Chair will focus on Indigenous women’s heart health

Bernice Downey

Bernice Downey recipient of the Indigenous Early Career Women's Heart and Brain Health Chair Award.

Training health professionals to treat Indigenous women with heart disease in a culturally relevant way is the goal of a new research chair at McMaster University.

Assistant professor Bernice Downey has received the Indigenous Early Career Women’s Heart and Brain Health Chair Award for the new project.

“The goal of this project is to deepen our understanding about how Indigenous knowledge about well-being can help Indigenous women to understand and manage their heart illness,” said Downey, who is the Indigenous health lead for the Faculty of Health Sciences and a medical anthropologist of Ojibwe and Celtic heritage.

“This study will give voice to Indigenous women that will, in turn, inform our work to educate health practitioners so that they become more culturally competent when working with Indigenous women with cardiovascular disease and stroke.”

Downey is cross appointed to the School of Nursing and the Department of Psychiatry and Behavioural Neurosciences.

The chair is one of four Women’s Heart and Brain Health Chair Awards announced by the Canadian Institutes of Health Research (CIHR) and the Heart and Stroke Foundation of Canada.

The national initiative aims to improve awareness, prevention and understanding of biology and socio-economic factors impacting women’s heart and brain health. It also fosters innovative, sex- and gender-sensitive approaches to the diagnosis, access to high quality care and treatment of heart disease and stroke in women, especially within Indigenous communities.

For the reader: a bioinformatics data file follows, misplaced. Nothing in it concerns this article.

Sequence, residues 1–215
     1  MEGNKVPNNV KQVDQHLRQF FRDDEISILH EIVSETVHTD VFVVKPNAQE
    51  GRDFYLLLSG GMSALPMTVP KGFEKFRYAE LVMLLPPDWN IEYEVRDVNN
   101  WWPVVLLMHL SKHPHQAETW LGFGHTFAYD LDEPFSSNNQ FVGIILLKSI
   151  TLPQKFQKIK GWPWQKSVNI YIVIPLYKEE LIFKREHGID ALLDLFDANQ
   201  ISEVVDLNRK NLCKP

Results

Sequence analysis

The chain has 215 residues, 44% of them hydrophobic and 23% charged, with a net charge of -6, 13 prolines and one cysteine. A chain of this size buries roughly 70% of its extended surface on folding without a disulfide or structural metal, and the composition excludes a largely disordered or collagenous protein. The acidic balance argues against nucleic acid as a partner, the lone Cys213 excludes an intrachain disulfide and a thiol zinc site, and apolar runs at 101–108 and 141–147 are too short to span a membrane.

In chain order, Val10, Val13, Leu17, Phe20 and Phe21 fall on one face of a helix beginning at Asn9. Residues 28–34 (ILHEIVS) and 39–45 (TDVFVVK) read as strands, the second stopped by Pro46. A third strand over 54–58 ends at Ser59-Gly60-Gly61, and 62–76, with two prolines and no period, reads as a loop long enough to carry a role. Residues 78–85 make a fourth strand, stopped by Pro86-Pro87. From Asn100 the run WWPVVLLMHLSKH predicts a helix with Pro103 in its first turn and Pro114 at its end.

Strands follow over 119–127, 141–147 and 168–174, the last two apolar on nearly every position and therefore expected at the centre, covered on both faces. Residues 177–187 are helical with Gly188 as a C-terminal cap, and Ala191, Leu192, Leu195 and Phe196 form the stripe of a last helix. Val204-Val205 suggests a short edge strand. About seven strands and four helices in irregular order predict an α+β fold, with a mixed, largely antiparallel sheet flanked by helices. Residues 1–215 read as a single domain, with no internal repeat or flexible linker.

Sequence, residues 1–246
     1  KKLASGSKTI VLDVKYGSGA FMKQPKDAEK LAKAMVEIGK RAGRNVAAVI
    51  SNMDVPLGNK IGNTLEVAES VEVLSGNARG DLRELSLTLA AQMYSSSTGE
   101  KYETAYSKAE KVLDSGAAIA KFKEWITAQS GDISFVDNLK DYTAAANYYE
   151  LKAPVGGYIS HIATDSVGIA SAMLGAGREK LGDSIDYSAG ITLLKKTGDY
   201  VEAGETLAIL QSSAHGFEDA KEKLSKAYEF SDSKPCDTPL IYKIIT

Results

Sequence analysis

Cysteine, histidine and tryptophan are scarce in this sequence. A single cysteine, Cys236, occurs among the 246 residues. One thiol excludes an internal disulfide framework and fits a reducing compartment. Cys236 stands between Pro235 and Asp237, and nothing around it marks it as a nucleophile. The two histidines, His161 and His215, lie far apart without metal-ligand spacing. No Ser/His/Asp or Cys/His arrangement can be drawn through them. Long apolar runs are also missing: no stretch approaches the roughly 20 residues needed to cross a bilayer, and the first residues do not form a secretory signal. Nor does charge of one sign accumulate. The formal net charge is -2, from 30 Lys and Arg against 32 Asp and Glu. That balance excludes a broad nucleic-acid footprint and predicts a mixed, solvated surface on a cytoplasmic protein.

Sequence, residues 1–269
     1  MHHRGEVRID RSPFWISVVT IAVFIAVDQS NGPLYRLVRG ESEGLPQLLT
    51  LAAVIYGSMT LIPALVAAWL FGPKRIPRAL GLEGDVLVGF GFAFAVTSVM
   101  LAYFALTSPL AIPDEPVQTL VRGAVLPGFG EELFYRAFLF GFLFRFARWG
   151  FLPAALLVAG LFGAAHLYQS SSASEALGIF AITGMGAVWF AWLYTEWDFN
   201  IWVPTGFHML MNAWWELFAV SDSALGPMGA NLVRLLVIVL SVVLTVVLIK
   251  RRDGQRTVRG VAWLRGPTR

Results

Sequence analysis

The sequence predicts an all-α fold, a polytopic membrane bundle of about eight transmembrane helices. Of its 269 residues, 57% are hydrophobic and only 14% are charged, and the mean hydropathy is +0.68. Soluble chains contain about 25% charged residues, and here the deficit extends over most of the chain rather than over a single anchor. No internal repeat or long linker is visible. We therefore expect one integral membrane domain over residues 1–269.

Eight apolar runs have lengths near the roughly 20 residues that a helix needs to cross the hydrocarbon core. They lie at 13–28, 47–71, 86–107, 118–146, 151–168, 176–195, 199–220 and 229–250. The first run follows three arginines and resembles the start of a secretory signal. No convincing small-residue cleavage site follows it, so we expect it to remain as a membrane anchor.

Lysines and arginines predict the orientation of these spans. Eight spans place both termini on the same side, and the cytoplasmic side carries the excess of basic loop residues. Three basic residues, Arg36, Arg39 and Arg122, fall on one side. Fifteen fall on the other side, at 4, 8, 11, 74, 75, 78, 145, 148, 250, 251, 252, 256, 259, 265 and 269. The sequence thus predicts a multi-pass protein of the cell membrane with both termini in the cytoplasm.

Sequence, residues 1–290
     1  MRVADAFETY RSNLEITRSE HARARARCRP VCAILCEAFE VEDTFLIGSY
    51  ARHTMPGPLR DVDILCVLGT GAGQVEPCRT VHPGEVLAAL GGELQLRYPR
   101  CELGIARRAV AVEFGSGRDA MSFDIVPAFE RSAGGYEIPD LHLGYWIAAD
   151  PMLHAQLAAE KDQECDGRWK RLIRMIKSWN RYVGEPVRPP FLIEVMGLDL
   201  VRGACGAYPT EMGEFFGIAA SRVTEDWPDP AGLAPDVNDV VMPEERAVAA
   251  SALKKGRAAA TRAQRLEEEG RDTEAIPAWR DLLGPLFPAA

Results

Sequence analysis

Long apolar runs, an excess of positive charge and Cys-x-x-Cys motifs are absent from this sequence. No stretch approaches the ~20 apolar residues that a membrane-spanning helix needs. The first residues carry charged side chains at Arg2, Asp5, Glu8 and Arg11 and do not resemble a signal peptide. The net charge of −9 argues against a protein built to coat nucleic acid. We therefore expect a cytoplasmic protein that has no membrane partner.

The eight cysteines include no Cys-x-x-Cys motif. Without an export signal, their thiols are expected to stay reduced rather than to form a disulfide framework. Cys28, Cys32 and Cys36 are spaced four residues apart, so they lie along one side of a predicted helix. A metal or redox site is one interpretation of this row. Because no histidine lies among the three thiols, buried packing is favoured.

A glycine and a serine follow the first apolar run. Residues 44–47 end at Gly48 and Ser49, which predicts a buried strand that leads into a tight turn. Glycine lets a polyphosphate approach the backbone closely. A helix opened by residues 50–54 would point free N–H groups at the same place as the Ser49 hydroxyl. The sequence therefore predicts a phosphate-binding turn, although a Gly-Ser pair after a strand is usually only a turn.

Downey’s project is exploring the culture-related factors that have led to gaps in health promotion, diagnosis, treatment and research which impact Indigenous women. She is taking a deep look into how to improve the training that health-care professionals receive about working with Indigenous women in a culturally safe way in order to develop trusting relationships.

Downey and her team will tap into both Indigenous and Western knowledge to help Indigenous women to self-manage their heart disease and/or risk factors. They will also test a new model of care delivery to assess if it increases Indigenous women’s motivation and ability to better manage their health.

The five-year project is funded for more than $1 million.

“I’m proud of the partnership between the Government of Canada, McMaster University, and Heart & Stroke, which will enable Dr. Downey and her team to continue their outstanding contributions that improve our understanding of health inequities, and will lead to knowledge that will ultimately benefit all Canadians,” said Canada’s Minister of Health Ginette Petitpas Taylor.

“We know that the cardiovascular health of women, and particularly Indigenous women, has been ignored far too long, and Dr. Downey’s project will be both practical and motivating,” said Paul O’Byrne, dean and vice-president of the Faculty of Health Sciences at McMaster.

“We appreciate the commitment of both the Government of Canada and Heart & Stroke Foundation of Canada to this extremely important area of research.”

Anne Simard, Heart & Stroke Chief Mission and Research Officer, added: “For decades, women have been under-represented in heart and stroke research, and the tragic result is that we’ve lost too many women from these diseases.

“We are so pleased to work with the Government of Canada and McMaster University to support Dr. Downey’s innovative research. Together we are taking another step towards closing the gap on the health of Indigenous women.”

Read the Brighter World profile on Bernice Downey here.

Related Stories